not quite, for a certain boyish swagger, a sort of insolent adolescence, had gone the way of the first blooming of her cheeks. But she was beautiful; dignity was there now, and the charming lines of a fortuitous nine-and-twenty; and she sat in the car with such perfect appropriateness and self-possession that it made him breathless to watch her.
Suddenly she smiled—the smile of old, bright as that very Easter and its flowers, mellower than ever—yet somehow with not quite the radiance and infinite promise of that first smile back there in the bookshop nine years before. It was a steelier smile, disillusioned and sad.
But it was soft enough and smile enough to make a pair of young men in cutaway coats hurry over, to pull their high hats off their wetted, iridescent hair; to bring them, flustered and bowing, to the edge of her landaulet, where her lavender gloves gently touched their gray ones. And these two were presently joined by another, and then two more, until there was a rapidly swelling crowd around the landaulet. Merlin would hear a young man beside him say to his perhaps well-favored companion:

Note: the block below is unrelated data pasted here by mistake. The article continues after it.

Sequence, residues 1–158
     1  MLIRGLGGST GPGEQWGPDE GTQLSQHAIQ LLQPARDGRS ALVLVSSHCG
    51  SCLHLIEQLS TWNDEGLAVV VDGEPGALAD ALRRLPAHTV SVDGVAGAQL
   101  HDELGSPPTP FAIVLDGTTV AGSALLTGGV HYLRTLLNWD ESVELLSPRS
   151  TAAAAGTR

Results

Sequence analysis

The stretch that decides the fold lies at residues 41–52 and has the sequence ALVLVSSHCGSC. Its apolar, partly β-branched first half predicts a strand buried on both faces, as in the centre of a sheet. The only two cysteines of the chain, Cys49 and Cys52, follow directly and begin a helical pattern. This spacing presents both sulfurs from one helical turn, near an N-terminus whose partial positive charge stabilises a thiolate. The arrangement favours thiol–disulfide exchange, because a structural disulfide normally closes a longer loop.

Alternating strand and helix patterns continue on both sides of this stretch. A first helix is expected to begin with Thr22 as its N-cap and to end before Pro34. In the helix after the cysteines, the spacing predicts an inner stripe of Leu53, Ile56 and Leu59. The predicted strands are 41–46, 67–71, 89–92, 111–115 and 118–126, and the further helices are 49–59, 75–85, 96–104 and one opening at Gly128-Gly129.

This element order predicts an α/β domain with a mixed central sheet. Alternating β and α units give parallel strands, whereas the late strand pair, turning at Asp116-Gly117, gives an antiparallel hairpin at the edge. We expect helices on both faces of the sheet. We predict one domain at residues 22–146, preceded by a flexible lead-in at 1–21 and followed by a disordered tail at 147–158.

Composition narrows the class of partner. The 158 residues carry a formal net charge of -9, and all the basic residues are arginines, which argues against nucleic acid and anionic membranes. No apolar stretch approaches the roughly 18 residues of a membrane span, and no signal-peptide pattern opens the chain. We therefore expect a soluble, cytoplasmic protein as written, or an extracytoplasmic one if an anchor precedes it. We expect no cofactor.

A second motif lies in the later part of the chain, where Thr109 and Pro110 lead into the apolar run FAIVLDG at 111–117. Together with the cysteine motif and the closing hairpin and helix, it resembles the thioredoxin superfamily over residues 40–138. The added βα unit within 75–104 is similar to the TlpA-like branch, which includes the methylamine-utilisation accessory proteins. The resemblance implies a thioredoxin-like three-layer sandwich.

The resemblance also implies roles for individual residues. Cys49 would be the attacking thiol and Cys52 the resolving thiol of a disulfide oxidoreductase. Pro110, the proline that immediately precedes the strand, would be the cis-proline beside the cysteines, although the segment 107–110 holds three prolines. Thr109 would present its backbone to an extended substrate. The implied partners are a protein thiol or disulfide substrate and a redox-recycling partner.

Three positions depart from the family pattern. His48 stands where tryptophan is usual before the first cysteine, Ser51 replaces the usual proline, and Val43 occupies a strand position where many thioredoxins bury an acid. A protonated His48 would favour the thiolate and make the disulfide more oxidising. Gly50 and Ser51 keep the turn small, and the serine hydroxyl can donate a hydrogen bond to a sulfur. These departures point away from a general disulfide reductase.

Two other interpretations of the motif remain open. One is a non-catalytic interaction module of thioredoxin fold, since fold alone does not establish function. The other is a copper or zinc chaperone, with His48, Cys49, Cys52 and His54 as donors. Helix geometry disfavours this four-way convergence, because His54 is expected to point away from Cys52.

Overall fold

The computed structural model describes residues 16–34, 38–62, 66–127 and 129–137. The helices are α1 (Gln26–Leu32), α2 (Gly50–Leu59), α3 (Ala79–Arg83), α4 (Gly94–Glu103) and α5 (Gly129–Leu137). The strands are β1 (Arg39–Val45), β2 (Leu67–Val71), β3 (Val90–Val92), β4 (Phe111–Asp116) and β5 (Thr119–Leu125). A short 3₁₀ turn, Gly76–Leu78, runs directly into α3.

"If you'll just pardon me a moment, there's some one I have to speak to. Walk right ahead. I'll catch up."
Within three minutes every inch of the landaulet, front, back, and side, was occupied by a man—a man trying to construct a sentence clever enough to find its way to Caroline through the stream of conversation. Luckily for Merlin a portion of little Arthur's clothing had chosen the opportunity to threaten a collapse, and Olive had hurriedly rushed him over against a building for some extemporaneous repair work, so Merlin was able to watch, unhindered, the salon in the street.
The crowd swelled. A row formed in back of the first,